So they all go to the grandmas’ house, and the toothless grandma invites all her family and friends. The entire village wants to see if the American likes grandmas goulash, and Call sits in the living room of the old toothless Hungarian grandma, and the goulash is served. Silence in the room, everybody is watching if the American likes it. And, Cal tastes the goulash, and he smiles from the bottom of the heart. The entire room bursts out into joy and they yell: “He likes grandmas goulash!”
A 4-day party breaks out!
My personal take away from the story: you are always just one question away from having the best day of your life.
5 Takeaways From Cal Fussman On How To Interview
1. Aim For The Heart With Your First Question
If you are interviewing a very important person, you will most likely not have all the time in the world to talk to them. This is a problem; it usually takes hours to really get to know someone, to get to know what they are about, what their soul and heart is like.
So how do you get access to the soul of the other person when you only have very limited time?
In the video, Cal describes where he got to interview Gorbatschow, but his publicist tells him that he only has 10 minutes with him! If you consider that all of the questions had to be translated then he, at best, had 6 minutes total! How can you capture the true essence of a man in such a short amount of time?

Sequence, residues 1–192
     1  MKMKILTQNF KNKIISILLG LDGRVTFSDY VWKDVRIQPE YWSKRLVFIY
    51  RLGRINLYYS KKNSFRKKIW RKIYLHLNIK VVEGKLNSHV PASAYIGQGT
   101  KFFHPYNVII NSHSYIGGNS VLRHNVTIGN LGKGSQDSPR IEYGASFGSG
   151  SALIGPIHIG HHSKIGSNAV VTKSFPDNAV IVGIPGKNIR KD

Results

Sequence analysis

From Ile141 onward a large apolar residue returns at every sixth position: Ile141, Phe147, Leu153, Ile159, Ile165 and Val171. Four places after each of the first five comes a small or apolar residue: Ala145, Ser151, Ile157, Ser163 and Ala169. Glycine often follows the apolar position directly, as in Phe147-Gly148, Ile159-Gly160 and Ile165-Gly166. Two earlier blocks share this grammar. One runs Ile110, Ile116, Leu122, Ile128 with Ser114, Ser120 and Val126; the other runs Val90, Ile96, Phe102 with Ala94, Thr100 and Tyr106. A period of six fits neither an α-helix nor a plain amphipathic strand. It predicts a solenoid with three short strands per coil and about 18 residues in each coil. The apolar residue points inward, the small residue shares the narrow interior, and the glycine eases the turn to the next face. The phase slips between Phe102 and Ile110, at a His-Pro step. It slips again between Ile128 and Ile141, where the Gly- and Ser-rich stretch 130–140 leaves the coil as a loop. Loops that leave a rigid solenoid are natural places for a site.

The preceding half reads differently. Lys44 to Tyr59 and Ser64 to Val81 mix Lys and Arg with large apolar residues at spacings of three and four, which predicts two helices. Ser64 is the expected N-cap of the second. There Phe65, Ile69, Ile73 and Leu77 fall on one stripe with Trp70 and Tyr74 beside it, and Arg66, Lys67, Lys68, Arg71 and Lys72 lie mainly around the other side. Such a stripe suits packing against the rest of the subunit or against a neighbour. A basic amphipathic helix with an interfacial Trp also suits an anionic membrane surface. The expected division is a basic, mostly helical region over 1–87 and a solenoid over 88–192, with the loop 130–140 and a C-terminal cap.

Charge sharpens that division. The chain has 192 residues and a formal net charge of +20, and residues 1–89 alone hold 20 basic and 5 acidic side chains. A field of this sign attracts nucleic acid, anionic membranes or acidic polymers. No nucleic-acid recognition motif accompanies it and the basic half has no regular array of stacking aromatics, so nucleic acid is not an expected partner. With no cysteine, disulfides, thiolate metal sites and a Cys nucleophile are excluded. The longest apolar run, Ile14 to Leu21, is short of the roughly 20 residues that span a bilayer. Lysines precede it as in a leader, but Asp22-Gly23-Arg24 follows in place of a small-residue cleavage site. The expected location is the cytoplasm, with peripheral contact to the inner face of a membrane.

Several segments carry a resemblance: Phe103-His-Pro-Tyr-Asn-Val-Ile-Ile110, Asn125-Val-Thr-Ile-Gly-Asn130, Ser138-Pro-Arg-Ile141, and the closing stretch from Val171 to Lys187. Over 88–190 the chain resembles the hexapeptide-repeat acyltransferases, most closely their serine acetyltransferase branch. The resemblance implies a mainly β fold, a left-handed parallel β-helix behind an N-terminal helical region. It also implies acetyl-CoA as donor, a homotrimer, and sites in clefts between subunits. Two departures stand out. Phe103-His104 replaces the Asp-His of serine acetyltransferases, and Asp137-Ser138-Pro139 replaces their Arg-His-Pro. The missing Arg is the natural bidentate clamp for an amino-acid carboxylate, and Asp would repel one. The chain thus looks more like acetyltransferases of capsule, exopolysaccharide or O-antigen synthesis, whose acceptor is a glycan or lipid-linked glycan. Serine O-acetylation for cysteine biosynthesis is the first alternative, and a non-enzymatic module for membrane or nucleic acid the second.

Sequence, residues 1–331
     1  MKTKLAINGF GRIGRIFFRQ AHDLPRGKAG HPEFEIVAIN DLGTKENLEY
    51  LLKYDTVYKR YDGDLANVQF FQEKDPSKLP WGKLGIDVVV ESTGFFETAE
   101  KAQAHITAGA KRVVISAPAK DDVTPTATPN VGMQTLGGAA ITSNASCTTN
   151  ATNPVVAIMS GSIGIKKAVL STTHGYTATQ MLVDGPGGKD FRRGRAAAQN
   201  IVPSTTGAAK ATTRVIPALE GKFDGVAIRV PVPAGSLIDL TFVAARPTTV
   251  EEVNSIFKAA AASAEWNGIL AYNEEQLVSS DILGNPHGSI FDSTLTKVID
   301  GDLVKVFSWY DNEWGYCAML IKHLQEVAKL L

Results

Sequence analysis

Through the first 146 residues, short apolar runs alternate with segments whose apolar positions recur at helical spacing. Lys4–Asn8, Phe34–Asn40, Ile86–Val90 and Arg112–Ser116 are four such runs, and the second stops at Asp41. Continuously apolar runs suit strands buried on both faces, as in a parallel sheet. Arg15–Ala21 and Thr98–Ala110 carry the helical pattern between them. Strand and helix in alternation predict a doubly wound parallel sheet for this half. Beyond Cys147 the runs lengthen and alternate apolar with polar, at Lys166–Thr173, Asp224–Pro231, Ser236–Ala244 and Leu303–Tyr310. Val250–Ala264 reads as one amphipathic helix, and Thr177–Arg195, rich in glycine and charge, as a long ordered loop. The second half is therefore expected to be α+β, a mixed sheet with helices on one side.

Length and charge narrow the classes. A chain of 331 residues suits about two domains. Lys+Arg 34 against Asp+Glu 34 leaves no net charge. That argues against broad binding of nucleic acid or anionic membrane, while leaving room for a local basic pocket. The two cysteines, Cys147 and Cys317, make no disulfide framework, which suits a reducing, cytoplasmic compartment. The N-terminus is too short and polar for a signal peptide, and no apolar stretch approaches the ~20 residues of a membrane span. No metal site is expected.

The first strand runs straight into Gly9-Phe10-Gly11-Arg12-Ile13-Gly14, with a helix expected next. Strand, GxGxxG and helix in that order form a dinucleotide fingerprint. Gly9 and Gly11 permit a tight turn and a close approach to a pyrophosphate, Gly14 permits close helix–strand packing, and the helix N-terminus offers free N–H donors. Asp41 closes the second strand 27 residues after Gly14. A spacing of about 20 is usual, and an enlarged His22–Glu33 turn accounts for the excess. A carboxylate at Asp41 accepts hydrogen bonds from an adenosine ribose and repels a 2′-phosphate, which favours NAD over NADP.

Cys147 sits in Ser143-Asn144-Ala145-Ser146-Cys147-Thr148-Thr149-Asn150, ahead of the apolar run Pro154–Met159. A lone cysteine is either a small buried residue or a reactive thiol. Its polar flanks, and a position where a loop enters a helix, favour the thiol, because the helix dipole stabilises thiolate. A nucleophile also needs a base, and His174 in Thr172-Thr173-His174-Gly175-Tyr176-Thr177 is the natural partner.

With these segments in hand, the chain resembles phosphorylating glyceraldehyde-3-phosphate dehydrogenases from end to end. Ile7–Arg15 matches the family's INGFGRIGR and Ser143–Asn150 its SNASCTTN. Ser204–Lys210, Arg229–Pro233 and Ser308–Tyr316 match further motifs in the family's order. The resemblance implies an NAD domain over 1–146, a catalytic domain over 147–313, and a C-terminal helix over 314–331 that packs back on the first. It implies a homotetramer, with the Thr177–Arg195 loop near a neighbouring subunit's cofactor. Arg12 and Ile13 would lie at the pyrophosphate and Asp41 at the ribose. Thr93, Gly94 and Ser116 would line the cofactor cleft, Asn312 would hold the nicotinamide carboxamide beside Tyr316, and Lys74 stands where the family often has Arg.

Cal begins the interview with Gorbatschow, and he asked him the first question: What’s the best lesson your father ever taught you?
Gorbatschow was expecting a typical question about the cold war or something political. This question caught him off guard, and he smiled and told Cal a story with his heart.
In this story, Gorbatchow describes how he had a trip with his father, and his entire family had some ice cream, and to Gorbatschow, this cup of ice cream was one of the reasons why Gorbatschow was able to end the cold war and make peace with Reagan.
The cup of ice cream reminded Gorbatschow of how it was like before his father went off to war, and this feeling of easiness helped Gorbatschow to make peace with Reagan.
In consequence of this connection between Fussman and Gorbatschow, Gorbatschow overdraws the interview by almost an hour!
So, my personal take away here is that if you interview someone special and famous, do not ask them questions that they were asked before. I wrote an article about how to ask questions like Tim Ferris, which also deals with this subject, click here to read it.
2. Make The Interviewed Person Feel Safe
Cal had a speech about the art of the interview at the Summit at Sea. There, he tells the story of how he got to interview Robert de Niro. He heard that De Niro hated interviews. De Niro cancelled the appointment many times, and when Cal was finally at Robert’s house, they told him that Mister De Niro only had time for one answer.
Call then told Robert that he was not there to conduct the interview, but to break bread. In consequence, De Niro let his guard down because he felt safe.
Then when the interview started, he also said to De Niro ” I know you hate interviews, if I get to close, tell me and I will back off”.
Once he began the interview; he started with a question straight to the heart: ” What was the first moment you knew you would be an actor?”.
My personal take away :